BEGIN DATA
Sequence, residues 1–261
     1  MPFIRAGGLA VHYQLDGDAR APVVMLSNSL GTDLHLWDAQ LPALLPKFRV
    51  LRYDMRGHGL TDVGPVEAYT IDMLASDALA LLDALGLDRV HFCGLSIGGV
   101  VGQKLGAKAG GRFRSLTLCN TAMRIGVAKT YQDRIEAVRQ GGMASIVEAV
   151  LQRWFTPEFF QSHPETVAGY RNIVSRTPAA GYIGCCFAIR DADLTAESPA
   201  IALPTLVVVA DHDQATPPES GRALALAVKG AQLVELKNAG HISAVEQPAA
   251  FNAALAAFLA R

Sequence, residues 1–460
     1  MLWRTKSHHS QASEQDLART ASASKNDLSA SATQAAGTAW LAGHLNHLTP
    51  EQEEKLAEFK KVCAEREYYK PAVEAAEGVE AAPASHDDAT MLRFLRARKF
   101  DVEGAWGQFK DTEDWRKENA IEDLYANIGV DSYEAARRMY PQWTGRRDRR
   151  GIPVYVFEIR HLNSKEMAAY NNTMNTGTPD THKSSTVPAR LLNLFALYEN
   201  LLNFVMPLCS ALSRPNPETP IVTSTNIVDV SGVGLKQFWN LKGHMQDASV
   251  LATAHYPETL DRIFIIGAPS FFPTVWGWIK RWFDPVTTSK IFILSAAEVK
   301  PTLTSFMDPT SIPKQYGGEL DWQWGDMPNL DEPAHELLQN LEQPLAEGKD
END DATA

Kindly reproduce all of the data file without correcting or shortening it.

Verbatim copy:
Sequence, residues 1–261
     1  MPFIRAGGLA VHYQLDGDAR APVVMLSNSL GTDLHLWDAQ LPALLPKFRV
    51  LRYDMRGHGL TDVGPVEAYT IDMLASDALA LLDALGLDRV HFCGLSIGGV
   101  VGQKLGAKAG GRFRSLTLCN TAMRIGVAKT YQDRIEAVRQ GGMASIVEAV
   151  LQRWFTPEFF QSHPETVAGY RNIVSRTPAA GYIGCCFAIR DADLTAESPA
   201  IALPTLVVVA DHDQATPPES GRALALAVKG AQLVELKNAG HISAVEQPAA
   251  FNAALAAFLA R

Sequence, residues 1–460
     1  MLWRTKSHHS QASEQDLART ASASKNDLSA SATQAAGTAW LAGHLNHLTP
    51  EQEEKLAEFK KVCAEREYYK PAVEAAEGVE AAPASHDDAT MLRFLRARKF
   101  DVEGAWGQFK DTEDWRKENA IEDLYANIGV DSYEAARRMY PQWTGRRDRR
   151  GIPVYVFEIR HLNSKEMAAY NNTMNTGTPD THKSSTVPAR LLNLFALYEN
   201  LLNFVMPLCS ALSRPNPETP IVTSTNIVDV SGVGLKQFWN LKGHMQDASV
   251  LATAHYPETL DRIFIIGAPS FFPTVWGWIK RWFDPVTTSK IFILSAAEVK
   301  PTLTSFMDPT SIPKQYGGEL DWQWGDMPNL DEPAHELLQN LEQPLAEGKD